Icons of Architecture

By Carol Tisch August 1, 2010

In 1997, architect Frank Gehry’s design for the Guggenheim Museum in Bilbao, Spain, transformed an almost unknown industrial city into a mecca for international tourism.

Soon metropolises from Milwaukee to Abu Dhabi wanted their own Bilbao, and elite “starchitects” were retained to create museums that would be valued as much for their architecture as for their shows. 

We follow this phenomenon, known as the “Bilbao Effect,” with a tour of some of the world’s most buzzed-about museum designs, beginning with Gehry’s Basque Country masterpiece and culminating with the 2010 Shanghai World Expo, where architect Thomas Heatherwick’s Seed Cathedral for the British Pavilion is mystifying visitors with a structure comprised of 60,000 seed-bearing rods looking just like a dandelion about to burst.

Bilbao, Spain

The Guggenheim Bilbao

Before Bilbao, museums were identified by their collections. Now they are works of art to be seen and enjoyed, often eclipsing the treasures they contain. An international landmark of titanium, glass and limestone, Gehry’s spectacularly organic structure was dubbed “the most important building of our time” by Philip Johnson, the undisputed dean of American architects. A nod to the river on which the museum is perched, the Guggenheim Bilbao’s undulating exterior walls resemble the silvery scales of a fish (Gehry’s inspiration), while its form suggests the shape of a ship, a tribute to the now thriving port city once desperately seeking a catalyst for urban renewal.



The newest must-see destination for art pilgrims, Centre Pompidou-Metz opened

in May 2010 to speculation as to whether its transparent white roof resembles a UFO or a giant manta ray. Japanese starchitect Shigeru Ban and his French associate, Jean de Gastines, punctuated the roof (which Ban says was actually inspired by a Chinese straw hat) with three long superimposed galleries, each perfectly aligned to telescope a majestic view of a city landmark. The museum is already a magnet for visitors from around the world for its architecture, and Metz’s opening exhibition, entitled Chefs d’Oeuvre?, boasts 800 “chief works” by names from Picasso to Calder to further secure its place on the art map.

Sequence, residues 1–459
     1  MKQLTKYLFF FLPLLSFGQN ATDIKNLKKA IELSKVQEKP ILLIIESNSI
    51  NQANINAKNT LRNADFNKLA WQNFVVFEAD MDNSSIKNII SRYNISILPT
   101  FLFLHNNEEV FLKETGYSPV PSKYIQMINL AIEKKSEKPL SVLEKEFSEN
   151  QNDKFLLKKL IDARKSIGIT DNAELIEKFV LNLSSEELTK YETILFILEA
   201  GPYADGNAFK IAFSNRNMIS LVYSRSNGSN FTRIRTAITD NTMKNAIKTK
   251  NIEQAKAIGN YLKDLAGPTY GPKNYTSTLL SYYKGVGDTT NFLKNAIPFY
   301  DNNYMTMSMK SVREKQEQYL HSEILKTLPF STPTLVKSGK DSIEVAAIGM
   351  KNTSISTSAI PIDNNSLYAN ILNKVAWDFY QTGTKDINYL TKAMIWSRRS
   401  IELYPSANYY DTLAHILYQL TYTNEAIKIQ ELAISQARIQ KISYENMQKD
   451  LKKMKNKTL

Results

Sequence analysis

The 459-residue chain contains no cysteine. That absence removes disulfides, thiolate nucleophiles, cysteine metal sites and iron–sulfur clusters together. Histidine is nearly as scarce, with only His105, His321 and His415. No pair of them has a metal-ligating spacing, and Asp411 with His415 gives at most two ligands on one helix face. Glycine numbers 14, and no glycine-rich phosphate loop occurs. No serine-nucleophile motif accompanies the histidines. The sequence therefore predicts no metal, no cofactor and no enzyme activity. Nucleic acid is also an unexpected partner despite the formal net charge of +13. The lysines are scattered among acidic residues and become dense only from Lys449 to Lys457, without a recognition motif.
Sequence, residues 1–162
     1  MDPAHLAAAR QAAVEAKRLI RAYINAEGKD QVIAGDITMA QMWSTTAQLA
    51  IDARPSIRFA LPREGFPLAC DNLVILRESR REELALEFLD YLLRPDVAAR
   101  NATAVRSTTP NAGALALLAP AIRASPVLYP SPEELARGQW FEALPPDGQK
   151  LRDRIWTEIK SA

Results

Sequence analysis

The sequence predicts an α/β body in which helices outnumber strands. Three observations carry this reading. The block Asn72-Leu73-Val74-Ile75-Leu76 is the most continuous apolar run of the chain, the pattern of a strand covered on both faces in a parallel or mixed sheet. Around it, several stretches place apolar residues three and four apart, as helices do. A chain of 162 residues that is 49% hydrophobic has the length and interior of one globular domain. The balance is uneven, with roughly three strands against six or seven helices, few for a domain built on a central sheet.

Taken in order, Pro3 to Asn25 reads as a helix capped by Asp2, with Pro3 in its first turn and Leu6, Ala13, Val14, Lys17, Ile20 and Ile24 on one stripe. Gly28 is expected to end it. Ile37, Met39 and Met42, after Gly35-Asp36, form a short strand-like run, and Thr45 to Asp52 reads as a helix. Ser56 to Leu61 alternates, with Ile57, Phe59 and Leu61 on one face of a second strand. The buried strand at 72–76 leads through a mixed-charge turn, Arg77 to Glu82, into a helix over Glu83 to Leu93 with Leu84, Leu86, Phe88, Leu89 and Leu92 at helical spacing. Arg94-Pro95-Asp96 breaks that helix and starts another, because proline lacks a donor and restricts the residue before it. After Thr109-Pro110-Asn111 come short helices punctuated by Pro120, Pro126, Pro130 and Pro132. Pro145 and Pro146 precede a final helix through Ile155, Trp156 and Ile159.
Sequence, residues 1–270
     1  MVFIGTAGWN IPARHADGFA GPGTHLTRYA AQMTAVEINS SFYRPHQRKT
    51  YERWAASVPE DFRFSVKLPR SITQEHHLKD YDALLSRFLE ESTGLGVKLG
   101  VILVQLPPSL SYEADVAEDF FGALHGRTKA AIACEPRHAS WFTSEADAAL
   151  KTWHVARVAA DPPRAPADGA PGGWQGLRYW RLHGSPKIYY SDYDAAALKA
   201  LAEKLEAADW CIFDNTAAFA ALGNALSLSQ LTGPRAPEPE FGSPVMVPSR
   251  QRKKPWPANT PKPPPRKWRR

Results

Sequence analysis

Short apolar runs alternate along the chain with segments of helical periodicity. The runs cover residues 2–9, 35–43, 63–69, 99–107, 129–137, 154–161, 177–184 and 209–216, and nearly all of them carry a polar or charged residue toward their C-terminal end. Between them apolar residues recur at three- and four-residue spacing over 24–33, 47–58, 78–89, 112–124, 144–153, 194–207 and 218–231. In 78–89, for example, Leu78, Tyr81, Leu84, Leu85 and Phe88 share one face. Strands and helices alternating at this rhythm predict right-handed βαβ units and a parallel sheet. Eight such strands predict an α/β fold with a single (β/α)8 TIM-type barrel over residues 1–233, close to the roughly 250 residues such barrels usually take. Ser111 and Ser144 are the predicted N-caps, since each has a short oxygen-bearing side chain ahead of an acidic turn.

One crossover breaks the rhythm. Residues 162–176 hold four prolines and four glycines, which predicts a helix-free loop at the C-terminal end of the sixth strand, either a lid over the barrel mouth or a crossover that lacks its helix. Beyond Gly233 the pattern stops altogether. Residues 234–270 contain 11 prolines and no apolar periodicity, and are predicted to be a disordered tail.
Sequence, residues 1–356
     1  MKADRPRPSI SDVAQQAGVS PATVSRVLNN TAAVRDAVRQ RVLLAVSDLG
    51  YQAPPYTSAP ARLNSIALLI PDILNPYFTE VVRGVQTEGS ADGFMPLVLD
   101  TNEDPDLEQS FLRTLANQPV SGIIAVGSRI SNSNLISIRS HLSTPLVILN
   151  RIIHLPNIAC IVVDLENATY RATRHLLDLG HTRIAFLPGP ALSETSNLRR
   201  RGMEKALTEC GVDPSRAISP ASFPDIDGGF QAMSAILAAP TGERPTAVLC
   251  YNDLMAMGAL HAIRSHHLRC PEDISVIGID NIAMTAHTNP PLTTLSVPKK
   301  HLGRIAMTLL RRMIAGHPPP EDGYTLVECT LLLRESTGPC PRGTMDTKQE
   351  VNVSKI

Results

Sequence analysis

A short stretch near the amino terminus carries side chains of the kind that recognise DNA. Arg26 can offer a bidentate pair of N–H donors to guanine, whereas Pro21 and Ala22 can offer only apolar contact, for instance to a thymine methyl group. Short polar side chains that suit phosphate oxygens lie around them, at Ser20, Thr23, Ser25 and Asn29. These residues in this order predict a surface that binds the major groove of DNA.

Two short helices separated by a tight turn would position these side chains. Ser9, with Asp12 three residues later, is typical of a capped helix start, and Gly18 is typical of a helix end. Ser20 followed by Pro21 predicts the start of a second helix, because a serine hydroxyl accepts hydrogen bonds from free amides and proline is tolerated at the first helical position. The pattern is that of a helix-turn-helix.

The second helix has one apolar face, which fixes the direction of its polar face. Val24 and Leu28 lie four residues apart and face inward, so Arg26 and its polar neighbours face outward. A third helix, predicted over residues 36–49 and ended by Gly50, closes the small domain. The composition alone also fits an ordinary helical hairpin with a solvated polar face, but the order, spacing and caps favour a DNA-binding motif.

David Chipperfield’s controversial

Dr. Jekyll-and-Mr. Hyde restoration of the Neues Museum has garnered the Grand Prix of European Heritage Award for 2010, honoring the celebrity architect’s sensitive incorporation of groundbreaking contemporary architecture into a historic original structure. In his radical rebuild of the World War II-ravaged building, Chipperfield chose to leave bullet and fire scars visible, convinced that the history of the museum, Berlin and Germany should not be covered up.

In his awe-inspiring solution, perfectly restored rooms cohabit with new installations of stark white ramps and staircases in bombed-out sections of this extraordinary example of German neoclassic architecture on Berlin’s Museum Island, a UNESCO World Cultural Heritage site.



Only an architect with the stature of Bernard Tschumi could meet the daunting challenge of designing a museum to contain the most revered sculptures of Greek antiquity. Factor in the enormous responsibility of building at the foot of the Acropolis in full view of the Parthenon—one of the most influential structures in Western civilization—and critics agree that Tschumi and associate architect Michael Photiadis have created a masterpiece that floats on pilotis above existing archaeological excavations. Visitors are transfixed by an exact replication of the Parthenon Frieze, intended to press the British Museum and Louvre into returning missing sculptures in the frieze (known as the Elgin Marbles), which were removed by Lord Elgin in 1801.



Vaulted ceilings that once delineated different apparel boutiques at Barney’s former landmark store on 17th Street in Manhattan now outline exhibition galleries at the ethereal Rubin Museum of Art—the first major museum of Himalayan art in the Western world. Visitors, who may recall the signature steel and marble staircase originally designed for Barney’s by Andrée Putman, can follow its dramatic spiral through a seven-story tower reconfigured into contemplative galleries inspired by the geometry of the mandala (a form representing the universe in Hindu and Buddhist imagery). Beyer Blinder Belle Architects, the firm lauded for such spectacular historic preservations as the Ellis Island Immigration Museum and Grand Central Station, transformed the space in conjunction with renowned museum architects Celia Imrey and Tim Culbert.



It’s no wonder Heatherwick Studio won the Royal Institute of British Architects’ coveted Lubetkin Prize for the most outstanding work of 2010. Thomas Heatherwick’s design for the British Pavilion at Shanghai 2010 Expo mesmerizes 50,000 tourists a day with its spectacular Seed Cathedral. The 65-foot-tall building, constructed of 60,000 transparent acrylic-tipped aluminum rods that quiver in the breeze, creates the effect of a dandelion ready to burst. Indeed, each slender 24-foot optical rod has a seed embedded in its tip, every one collected by the Royal Botanical Gardens at Kew and their Millennium Seedbank in a stunning tribute to the importance of conservation.

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